In contemporary hip-hop, one has to ask oneself: Which is more important, the emcee or the beat? What defines “good” in 2009?
The tone of 3 is consistent to a fault, defined by its distinct lack of presence — melodies so abstruse they seem to disappear completely; backing tracks so muted and inscrutable
I have mixed feelings on watching the biopic of the late Notorious B.I.G., which I will not go into here.
Metroschifter are at their best when they speak with their instruments, not their mouths.
Released in conjunction with their first-ever European tour this past June (the first time audiences outside of Western Sahara saw them perform), Group Doueh’s second album, Treeg Sa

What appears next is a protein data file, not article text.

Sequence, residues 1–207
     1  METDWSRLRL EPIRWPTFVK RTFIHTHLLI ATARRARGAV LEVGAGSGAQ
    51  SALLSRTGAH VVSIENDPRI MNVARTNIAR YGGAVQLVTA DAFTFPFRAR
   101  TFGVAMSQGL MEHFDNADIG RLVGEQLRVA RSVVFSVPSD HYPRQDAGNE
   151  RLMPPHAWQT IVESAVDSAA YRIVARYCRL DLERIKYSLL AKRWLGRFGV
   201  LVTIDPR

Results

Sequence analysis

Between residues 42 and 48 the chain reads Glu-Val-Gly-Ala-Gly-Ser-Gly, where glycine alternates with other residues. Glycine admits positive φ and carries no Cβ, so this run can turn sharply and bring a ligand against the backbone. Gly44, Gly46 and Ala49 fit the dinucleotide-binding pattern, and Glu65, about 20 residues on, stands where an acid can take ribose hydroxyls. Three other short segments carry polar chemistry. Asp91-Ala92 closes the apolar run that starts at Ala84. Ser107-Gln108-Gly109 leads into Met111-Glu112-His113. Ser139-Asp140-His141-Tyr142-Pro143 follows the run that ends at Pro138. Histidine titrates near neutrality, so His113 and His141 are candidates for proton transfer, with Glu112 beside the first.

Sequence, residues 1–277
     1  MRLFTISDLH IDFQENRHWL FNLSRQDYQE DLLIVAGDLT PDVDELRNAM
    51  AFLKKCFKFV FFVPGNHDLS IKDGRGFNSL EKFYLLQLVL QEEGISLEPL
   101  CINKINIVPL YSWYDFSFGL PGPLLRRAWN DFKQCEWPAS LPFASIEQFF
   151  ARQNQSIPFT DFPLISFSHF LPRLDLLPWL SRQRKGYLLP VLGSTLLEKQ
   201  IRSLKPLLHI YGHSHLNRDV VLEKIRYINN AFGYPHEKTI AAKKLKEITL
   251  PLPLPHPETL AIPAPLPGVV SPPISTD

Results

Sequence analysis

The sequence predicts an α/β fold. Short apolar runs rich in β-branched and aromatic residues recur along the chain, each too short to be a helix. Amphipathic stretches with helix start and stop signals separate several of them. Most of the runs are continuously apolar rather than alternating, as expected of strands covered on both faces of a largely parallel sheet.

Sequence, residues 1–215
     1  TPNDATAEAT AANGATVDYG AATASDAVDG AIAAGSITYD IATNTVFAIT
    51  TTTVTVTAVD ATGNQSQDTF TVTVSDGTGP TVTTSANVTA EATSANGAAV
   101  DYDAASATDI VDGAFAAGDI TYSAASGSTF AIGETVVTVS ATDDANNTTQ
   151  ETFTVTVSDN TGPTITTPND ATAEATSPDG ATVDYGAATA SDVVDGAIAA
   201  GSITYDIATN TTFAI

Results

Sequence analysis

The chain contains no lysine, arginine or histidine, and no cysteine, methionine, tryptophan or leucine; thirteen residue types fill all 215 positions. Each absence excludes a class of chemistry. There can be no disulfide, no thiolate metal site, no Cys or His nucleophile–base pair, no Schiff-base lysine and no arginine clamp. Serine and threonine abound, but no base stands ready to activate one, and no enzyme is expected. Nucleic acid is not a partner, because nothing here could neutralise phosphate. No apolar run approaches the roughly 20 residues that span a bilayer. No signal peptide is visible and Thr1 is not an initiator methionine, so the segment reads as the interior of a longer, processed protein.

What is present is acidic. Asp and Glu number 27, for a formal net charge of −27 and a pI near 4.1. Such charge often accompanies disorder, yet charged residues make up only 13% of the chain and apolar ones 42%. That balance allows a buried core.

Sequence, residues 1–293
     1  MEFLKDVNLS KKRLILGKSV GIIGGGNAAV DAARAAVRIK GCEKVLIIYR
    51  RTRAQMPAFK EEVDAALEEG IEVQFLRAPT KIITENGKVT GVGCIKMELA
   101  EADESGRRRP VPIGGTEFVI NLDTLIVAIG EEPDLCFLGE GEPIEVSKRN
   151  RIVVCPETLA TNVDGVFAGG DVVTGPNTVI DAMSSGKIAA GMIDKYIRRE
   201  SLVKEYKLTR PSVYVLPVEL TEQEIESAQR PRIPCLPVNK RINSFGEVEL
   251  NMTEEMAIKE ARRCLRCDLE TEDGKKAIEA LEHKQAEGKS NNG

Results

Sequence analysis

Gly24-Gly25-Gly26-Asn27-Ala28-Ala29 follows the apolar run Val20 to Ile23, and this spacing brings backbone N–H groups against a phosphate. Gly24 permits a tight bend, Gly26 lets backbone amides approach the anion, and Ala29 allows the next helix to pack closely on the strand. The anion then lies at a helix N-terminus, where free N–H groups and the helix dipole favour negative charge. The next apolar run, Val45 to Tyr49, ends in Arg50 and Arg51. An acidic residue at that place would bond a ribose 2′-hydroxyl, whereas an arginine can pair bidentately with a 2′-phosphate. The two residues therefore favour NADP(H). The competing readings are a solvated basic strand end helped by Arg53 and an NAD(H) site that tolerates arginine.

Family is a mess in every sense of the term — sometimes endearing, often directionless, the band’s reach almost always exceeds their grasp.
One sure sign that the CD era is waning: the resurgence of 40-minute, nine-song indie LPs, a throwback to vinyl-era album sequencing. One sure sign that celebrating may be premature: the
This is not a proper album but not quite a mixtape.
The former Charlie Daniels guitarist sings about achingly personal themes, like an older man looking back on his life and seeing it with equal shades of regret and joy.
A typical Fool’s Gold song establishes a melodic figure and then tortures it for up to five minutes, creating a sound as dense and enormous as the 12-piece ensemble itself.